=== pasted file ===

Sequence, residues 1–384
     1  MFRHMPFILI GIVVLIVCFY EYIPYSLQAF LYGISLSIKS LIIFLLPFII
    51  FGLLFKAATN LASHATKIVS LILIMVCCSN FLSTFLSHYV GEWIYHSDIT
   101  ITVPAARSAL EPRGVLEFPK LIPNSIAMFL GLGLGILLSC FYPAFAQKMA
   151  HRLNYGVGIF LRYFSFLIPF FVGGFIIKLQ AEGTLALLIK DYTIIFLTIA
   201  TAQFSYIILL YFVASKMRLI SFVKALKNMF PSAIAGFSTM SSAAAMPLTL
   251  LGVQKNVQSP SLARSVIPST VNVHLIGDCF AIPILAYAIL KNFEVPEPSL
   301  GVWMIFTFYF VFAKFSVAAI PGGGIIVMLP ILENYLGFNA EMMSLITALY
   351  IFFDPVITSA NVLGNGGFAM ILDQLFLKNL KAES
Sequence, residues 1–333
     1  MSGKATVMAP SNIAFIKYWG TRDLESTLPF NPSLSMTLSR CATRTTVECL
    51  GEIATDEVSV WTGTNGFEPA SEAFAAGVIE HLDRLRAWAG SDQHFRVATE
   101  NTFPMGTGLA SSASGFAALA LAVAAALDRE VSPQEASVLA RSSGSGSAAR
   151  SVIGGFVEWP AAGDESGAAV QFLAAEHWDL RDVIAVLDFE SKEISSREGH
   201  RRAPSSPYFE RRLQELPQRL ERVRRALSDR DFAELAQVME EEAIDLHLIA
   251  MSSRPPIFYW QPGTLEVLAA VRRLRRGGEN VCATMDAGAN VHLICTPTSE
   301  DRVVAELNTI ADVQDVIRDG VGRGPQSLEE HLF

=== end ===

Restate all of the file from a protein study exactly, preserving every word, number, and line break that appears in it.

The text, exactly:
Sequence, residues 1–384
     1  MFRHMPFILI GIVVLIVCFY EYIPYSLQAF LYGISLSIKS LIIFLLPFII
    51  FGLLFKAATN LASHATKIVS LILIMVCCSN FLSTFLSHYV GEWIYHSDIT
   101  ITVPAARSAL EPRGVLEFPK LIPNSIAMFL GLGLGILLSC FYPAFAQKMA
   151  HRLNYGVGIF LRYFSFLIPF FVGGFIIKLQ AEGTLALLIK DYTIIFLTIA
   201  TAQFSYIILL YFVASKMRLI SFVKALKNMF PSAIAGFSTM SSAAAMPLTL
   251  LGVQKNVQSP SLARSVIPST VNVHLIGDCF AIPILAYAIL KNFEVPEPSL
   301  GVWMIFTFYF VFAKFSVAAI PGGGIIVMLP ILENYLGFNA EMMSLITALY
   351  IFFDPVITSA NVLGNGGFAM ILDQLFLKNL KAES
Sequence, residues 1–333
     1  MSGKATVMAP SNIAFIKYWG TRDLESTLPF NPSLSMTLSR CATRTTVECL
    51  GEIATDEVSV WTGTNGFEPA SEAFAAGVIE HLDRLRAWAG SDQHFRVATE
   101  NTFPMGTGLA SSASGFAALA LAVAAALDRE VSPQEASVLA RSSGSGSAAR
   151  SVIGGFVEWP AAGDESGAAV QFLAAEHWDL RDVIAVLDFE SKEISSREGH
   201  RRAPSSPYFE RRLQELPQRL ERVRRALSDR DFAELAQVME EEAIDLHLIA
   251  MSSRPPIFYW QPGTLEVLAA VRRLRRGGEN VCATMDAGAN VHLICTPTSE
   301  DRVVAELNTI ADVQDVIRDG VGRGPQSLEE HLF